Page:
Address GELIFES, Groningen Institute for Evolutionary Life Sciences, University of Groningen, Groningen, The Netherlands
Corporate Author Thesis
Publisher Place of Publication Editor
Language English Summary Language (up) Original Title
Series Editor Series Title Abbreviated Series Title
Series Volume Series Issue Edition
ISSN 2471-5638 ISBN Medium
Area Expedition Conference
Notes PMID:30058288 Approved no
Call Number GFZ @ kyba @ Serial 1964
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Author Schuler, L.D.; Schatz, R.; Berweger, C.D.
Title From global radiance to an increased local political awareness of light pollution Type Journal Article
Year 2018 Publication Environmental Science & Policy Abbreviated Journal Environmental Science & Policy
Volume 89 Issue Pages 142-152
Keywords Remote Sensing; Public Safety; Animals
Abstract We present a novel transparent method to analyze measurements of the Suomi NPP (Suomi National Polar-orbiting Partnership) satellite in night vision, into luminous intensity and luminance on the community level, with a special focus to address light planners and non-experts, and for the first time, to further address politicians, decision-makers and law-makers, and governmental agencies. We checked the propagated efficiency of road lighting and its impact on luminous flux, and identified a waste of light emissions in the largest city of Switzerland, Zurich. We looked at security (issues like criminal acts) and found no correlation with communities’ luminous intensity. We assessed road safety (accidents) against local luminance and found no evidence of darkness being more risky when the overall distribution of illuminance on roads is considered. We screened crayfish habitats in the Canton of Zurich against local illuminance and found clear evidence of preferred darkness for the living. Based on this finding, we propose an upper limit for light immissions in the crayfish habitats. These four analyses have been chosen to demonstrate the usefulness of Suomi NPP's coverage in combination with our approach. We could apply it to ecological, social and economical topics. We hope others will follow and we can draw more attention of governments to take action to reduce the light pollution on local levels, like Langnau am Albis of Switzerland has exemplified.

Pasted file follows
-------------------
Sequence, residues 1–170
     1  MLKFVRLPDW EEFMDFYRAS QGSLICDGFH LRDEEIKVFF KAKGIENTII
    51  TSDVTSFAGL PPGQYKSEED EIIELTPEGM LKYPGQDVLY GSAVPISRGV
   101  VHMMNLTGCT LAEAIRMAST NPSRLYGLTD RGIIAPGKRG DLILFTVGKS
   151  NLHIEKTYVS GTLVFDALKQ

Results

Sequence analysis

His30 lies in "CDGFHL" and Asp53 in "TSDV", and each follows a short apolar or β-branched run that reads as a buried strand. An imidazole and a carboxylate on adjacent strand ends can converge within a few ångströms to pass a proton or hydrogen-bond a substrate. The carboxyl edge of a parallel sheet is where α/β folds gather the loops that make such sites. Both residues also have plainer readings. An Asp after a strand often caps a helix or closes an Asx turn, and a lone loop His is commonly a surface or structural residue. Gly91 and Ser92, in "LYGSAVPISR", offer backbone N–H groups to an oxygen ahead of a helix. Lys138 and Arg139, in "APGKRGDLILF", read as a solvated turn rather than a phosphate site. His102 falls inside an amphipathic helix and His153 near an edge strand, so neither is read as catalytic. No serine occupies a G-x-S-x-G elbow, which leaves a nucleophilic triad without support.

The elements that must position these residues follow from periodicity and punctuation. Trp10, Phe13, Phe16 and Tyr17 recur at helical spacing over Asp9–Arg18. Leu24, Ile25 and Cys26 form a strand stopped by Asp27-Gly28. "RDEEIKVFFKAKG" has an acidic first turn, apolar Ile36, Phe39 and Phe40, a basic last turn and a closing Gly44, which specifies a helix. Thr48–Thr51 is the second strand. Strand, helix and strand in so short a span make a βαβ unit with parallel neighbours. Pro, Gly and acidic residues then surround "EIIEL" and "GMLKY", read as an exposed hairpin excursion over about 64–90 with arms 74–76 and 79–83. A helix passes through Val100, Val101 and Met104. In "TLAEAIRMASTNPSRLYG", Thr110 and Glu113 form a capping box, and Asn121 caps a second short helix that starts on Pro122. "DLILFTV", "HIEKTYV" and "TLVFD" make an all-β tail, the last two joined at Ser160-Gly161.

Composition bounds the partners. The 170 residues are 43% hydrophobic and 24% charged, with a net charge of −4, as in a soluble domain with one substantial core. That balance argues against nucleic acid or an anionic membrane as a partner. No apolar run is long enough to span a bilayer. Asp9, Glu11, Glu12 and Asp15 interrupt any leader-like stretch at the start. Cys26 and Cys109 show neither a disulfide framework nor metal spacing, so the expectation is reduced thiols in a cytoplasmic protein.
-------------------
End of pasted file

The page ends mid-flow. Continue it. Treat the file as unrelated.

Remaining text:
Address
Corporate Author Thesis
Publisher Place of Publication Editor